This poem was written by Wang Bo in Chang’an City when his friend surnamed Du was leaving to take office as a county official in Sichuan province, the poet saw him off in Chang’an City and presented his friend this farewell poem. The poem describes their profound friendship and also expresses his sincerity and encouragement to his friend.

10. Toiling Farmers —by Li Shen

李绅 《悯农》

锄禾日当午,
汗滴禾下土。
谁知盘中餐,
粒粒皆辛苦。

Toiling Farmers
By Li Shen

Farmers weeding at noon,
Sweat down the field soon.
Who knows food on a tray
Thanks to their toiling day?

This poem was written by the Tang Dynasty poet Li Shen who is known for expressing in-depth coverage of the rural life in his poems. The poem talks about farmers’ hard work for every single grain. The first two lines describe farmers keep toiling away despite the blazing heat at noon. The following two lines connect food in plate with farmers’ hard work. If they don’t toil, then who knows what you would eat.

11 Responses

  1. Tan says:

    I can see the great effors web editors make for proposing Chinese classic poetry. Give you a like.

  2. ivey-kun says:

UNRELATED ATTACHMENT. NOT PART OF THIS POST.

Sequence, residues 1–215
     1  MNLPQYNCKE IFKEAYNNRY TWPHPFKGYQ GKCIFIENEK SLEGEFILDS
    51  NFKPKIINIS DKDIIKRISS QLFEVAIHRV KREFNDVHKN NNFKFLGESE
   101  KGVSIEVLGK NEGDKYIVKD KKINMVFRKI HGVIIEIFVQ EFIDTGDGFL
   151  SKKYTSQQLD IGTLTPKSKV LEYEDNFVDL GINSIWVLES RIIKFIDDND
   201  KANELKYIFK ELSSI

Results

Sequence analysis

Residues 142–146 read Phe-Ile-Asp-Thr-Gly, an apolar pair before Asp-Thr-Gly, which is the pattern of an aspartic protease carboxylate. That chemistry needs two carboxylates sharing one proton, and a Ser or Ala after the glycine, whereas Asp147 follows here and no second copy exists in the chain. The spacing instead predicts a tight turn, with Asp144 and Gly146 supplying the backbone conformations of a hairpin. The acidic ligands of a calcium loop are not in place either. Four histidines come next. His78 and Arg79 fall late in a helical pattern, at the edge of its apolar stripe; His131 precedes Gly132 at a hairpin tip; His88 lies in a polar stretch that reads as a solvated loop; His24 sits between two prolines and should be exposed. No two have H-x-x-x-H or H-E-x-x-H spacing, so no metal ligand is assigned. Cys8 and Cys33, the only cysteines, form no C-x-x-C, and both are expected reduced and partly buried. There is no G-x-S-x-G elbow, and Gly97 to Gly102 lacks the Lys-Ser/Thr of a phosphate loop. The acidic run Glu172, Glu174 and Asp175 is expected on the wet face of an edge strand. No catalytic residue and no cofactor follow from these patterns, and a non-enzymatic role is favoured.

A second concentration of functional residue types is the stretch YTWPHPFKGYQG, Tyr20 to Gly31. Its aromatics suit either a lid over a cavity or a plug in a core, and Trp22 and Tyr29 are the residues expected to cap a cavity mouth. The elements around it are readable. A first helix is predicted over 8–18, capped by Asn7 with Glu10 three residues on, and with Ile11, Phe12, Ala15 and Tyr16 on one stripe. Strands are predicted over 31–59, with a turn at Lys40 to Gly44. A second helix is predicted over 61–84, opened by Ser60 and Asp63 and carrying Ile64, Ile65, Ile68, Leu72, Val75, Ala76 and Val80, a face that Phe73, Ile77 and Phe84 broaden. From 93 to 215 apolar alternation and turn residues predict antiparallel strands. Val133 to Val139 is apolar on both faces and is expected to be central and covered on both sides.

“举头望明月,
    低头思故乡。”
    Why does he lowers his head? It’s because He is crying when he thinks of home. I think, like many others, that the translations do not accurately deliver the true meaning

  3. Ayietim says:

    Chinese poems are deep and beautiful.

  4. Mary says:

    It would be much appreciated if the sources were cited properly. I find the translations to lack some meaning from the original text.

  5. 谢如坚 says:

    I thought below poem also famous and often quoted.
    去年今天此门中
    人面桃花相影红
    人面不知何处去
    桃花依旧笑春风

    Forgive me if I get some words wrong.

    • 谢如坚 says:

      Correction of one word

      去年今天此门中
      人面桃花双影红
      人面不知何处去
      桃花依旧笑春风

      • riverai says:

        竟然能两次都错了,今日说成今天像首古诗吗…

        唐·崔护《题都城南庄》诗:
        去年今日此门中,
        人面桃花相映红。
        人面不知何处去,
        桃花依旧笑春风。

  6. 谢如坚 says:

    I find the translation into English does not quite do justice to the original. The explanation helps somewhat.

    • Peter says:

      You are absolutely corrrect, it is always difficult to understand ancient Chinese poems literally. People have to know at what situation the poem was written.

  7. Konika says:

    I agree with Lucas, not mentioning the translators is denying them their right. It also makes the reader wary of the source.

  8. Lucas Klein says:

    I notice that in every instance you neglect to name the translator. That represents a significant affront to the work of the scholars, cross-cultural emissaries, and poets you are relying on here.

    Lucas